The Gaystapo merely adopted something similar.

But no matter how much Southerners stay loyal to their Programming, no matter how much Southerners blame their internal problems of obedience on Sherman or Northerners (Republicans, never Northern Democrats), the Democrat party will Never Forgive you for betraying them, for Disobeying the Democrat Rule.

They will never allow the South to get away unscathed, now that they have the power. They will never allow you to do as you please, to have your own conscience, even if you thought you freed yourself from 'Republican Reconstruction' by voting Republican in the South to get back that economic miracle.

They will destroy you. Not Sherman, Sherman didn't kill the Democrat land owners and politicians behind the pro slavery secession in Civil War I. No, what will destroy the South are their old masters, the Democrat party.

Stay loyal to Democrat programming Southerners, it will be a fine grave stone for the loyalists. They who were loyal unto death to the Democrat cause, in obedience to their orders.

Grim said...

The Democrats have nothing to do with this, Ymar. Republican governors (and corporate donors who want to see the history banished to avoid boycotts) are behind it.

Southerners like myself are considering it, not because of the Democrat's nuanced and wise rhetoric about how we're all racists and traitors, but because we really do want to take some positive steps to show brotherhood for black Southerners at this time. The voters (and they are Republican voters) in South Carolina haven't weighed in yet, but it's clear that they are thinking about it for what are good reasons.

We'll see what comes of it. I hope it gets thought through carefully: a lot depends on how this discussion shakes out. But it is entered into for honorable reasons, and if Southerners go along with all or part of it, it will be for good reasons.

Texan99 said...

Funny how quickly your mind goes to "profit" as the gravamen of the slave trade!

Somehow I'm not buying that the English felt they just had to reconquer their former colony because they couldn't bear the thought that some states were continuing the slave trade. But leaving their motives aside, if the best reason the U.S. could think of for resisting a British invasion was "how dare you criticize our slave trade," I'd have thought the U.S. had thoroughly undermined its pretensions as a sovereign nation interested in preserving its independence and liberty. And if the U.S. had lost on that basis, I doubt many would be mourning them today.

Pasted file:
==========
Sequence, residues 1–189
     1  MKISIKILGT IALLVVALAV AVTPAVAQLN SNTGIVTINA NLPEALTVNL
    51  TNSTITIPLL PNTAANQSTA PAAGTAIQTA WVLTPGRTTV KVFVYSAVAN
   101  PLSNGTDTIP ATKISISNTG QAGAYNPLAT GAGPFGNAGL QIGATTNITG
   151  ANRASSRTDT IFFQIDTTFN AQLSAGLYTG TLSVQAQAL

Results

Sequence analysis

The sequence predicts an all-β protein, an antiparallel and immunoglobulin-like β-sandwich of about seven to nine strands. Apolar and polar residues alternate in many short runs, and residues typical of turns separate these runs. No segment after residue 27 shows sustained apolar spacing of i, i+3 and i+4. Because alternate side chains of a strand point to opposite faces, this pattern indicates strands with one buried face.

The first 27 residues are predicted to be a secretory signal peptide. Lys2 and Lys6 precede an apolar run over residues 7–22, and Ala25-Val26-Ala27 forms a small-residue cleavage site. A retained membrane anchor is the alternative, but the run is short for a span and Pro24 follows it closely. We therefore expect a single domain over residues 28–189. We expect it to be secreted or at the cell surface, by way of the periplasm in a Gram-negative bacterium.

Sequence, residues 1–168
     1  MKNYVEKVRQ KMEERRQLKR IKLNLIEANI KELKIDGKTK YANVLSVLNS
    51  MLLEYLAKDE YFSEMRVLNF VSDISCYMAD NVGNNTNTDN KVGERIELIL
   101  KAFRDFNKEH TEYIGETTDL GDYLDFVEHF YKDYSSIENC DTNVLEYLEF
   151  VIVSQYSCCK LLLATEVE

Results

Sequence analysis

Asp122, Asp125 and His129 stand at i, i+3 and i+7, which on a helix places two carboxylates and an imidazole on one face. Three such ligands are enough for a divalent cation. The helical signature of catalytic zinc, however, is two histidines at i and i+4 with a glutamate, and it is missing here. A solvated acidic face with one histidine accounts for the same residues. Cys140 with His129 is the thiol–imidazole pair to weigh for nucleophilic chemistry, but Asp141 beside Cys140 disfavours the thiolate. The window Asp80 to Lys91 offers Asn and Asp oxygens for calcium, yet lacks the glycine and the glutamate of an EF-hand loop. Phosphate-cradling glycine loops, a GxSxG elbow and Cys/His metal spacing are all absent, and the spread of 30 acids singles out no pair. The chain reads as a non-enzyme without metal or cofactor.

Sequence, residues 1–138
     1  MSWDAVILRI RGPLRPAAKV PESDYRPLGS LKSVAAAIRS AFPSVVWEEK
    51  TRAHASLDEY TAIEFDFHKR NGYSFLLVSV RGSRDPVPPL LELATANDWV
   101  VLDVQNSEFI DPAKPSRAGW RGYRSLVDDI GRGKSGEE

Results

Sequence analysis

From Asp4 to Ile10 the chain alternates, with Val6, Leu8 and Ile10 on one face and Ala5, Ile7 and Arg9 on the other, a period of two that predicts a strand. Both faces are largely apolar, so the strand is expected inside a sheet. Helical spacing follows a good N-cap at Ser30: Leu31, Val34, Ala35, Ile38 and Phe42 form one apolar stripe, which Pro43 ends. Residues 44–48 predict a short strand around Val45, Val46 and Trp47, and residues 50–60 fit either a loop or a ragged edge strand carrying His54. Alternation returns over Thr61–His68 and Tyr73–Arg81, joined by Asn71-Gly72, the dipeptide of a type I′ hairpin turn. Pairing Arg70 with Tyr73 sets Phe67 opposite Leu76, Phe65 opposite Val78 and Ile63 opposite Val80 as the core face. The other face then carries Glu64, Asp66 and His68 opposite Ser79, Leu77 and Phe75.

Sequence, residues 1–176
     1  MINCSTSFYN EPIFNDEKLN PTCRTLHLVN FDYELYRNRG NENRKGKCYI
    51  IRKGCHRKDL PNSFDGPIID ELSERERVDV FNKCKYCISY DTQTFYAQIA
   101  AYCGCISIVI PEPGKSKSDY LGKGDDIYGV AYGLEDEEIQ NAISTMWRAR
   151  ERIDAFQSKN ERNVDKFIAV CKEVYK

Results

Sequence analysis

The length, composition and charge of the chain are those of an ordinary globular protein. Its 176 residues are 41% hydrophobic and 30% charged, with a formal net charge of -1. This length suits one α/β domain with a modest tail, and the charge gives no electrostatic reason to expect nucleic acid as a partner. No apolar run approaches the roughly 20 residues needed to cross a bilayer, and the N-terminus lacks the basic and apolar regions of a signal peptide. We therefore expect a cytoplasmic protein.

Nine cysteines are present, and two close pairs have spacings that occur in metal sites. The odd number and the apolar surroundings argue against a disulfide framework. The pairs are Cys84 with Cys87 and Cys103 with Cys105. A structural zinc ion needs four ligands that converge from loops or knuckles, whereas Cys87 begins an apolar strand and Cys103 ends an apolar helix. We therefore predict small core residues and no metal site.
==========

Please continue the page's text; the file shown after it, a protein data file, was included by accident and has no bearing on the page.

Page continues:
Grim said...

Nevertheless, the US in 1815 was responsible for every evil of Southern slavery, plus the far worse evil of the transatlantic slave trade. It protected that trade, and yes, built it's industry and wealth on the profits.

The one thing it didn't do is justify it. The Confederacy said they believed in races created unequal. The Founders believed the same thing, but justified themselves with rhetoric they did not deserve.

Texan99 said...

Not getting your point today, but I'm sure we've gone far beyond anything that's edifying anyone else, and you and I never shed much additional light for each other after two or three exchanges.

Gringo said...

A distant second bad thing was that in the mid-19th century, Americans with deep convictions about dual sovereignty and limitations on federal power picked slavery as the ideal test case.

The slavers wanted as much Federal power as possible as it related to enforcement of the Fugitive Slave Act of 1850. State's Rghts for the slavers, but no State's Rights for the North when it came to fugitive slaves. Don't take my word for it. Look at this excerpt from the South Carolina Causes of Secession:

But an increasing hostility on the part of the non-slaveholding States to the institution of slavery, has led to a disregard of their obligations, and the laws of the General Government have ceased to effect the objects of the Constitution. The States of Maine, New Hampshire, Vermont, Massachusetts, Connecticut, Rhode Island, New York, Pennsylvania, Illinois, Indiana, Michigan, Wisconsin and Iowa, have enacted laws which either nullify the Acts of Congress or render useless any attempt to execute them. In many of these States the fugitive is discharged from service or labor claimed, and in none of them has the State Government complied with the stipulation made in the Constitution.

Note that the Confederate Government had very little tolerance for State's Rights when states of the Confederacy disagreed with Richmond.

The only consistent political principle of the slavers was that which would maintain the Peculiar Institution.

Disclaimer: I had family die on both sides: a Confederate Colonel of a slaveholding family and one of John Brown's men at Harper's Ferry.

Gringo said...

Nevertheless, the US in 1815 was responsible for every evil of Southern slavery, plus the far worse evil of the transatlantic slave trade. It protected that trade, and yes, built it's industry and wealth on the profits.